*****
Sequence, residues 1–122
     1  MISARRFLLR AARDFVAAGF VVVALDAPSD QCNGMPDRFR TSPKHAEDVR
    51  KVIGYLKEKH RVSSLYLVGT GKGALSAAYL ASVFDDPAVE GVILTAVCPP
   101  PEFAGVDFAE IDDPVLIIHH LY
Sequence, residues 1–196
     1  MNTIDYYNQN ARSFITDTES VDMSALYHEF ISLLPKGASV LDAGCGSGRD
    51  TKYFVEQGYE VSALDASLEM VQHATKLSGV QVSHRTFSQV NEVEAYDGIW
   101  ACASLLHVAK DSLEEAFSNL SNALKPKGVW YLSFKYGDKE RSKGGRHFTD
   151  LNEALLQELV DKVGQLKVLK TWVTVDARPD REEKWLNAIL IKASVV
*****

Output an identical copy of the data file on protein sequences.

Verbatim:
Sequence, residues 1–122
     1  MISARRFLLR AARDFVAAGF VVVALDAPSD QCNGMPDRFR TSPKHAEDVR
    51  KVIGYLKEKH RVSSLYLVGT GKGALSAAYL ASVFDDPAVE GVILTAVCPP
   101  PEFAGVDFAE IDDPVLIIHH LY
Sequence, residues 1–196
     1  MNTIDYYNQN ARSFITDTES VDMSALYHEF ISLLPKGASV LDAGCGSGRD
    51  TKYFVEQGYE VSALDASLEM VQHATKLSGV QVSHRTFSQV NEVEAYDGIW
   101  ACASLLHVAK DSLEEAFSNL SNALKPKGVW YLSFKYGDKE RSKGGRHFTD
   151  LNEALLQELV DKVGQLKVLK TWVTVDARPD REEKWLNAIL IKASVV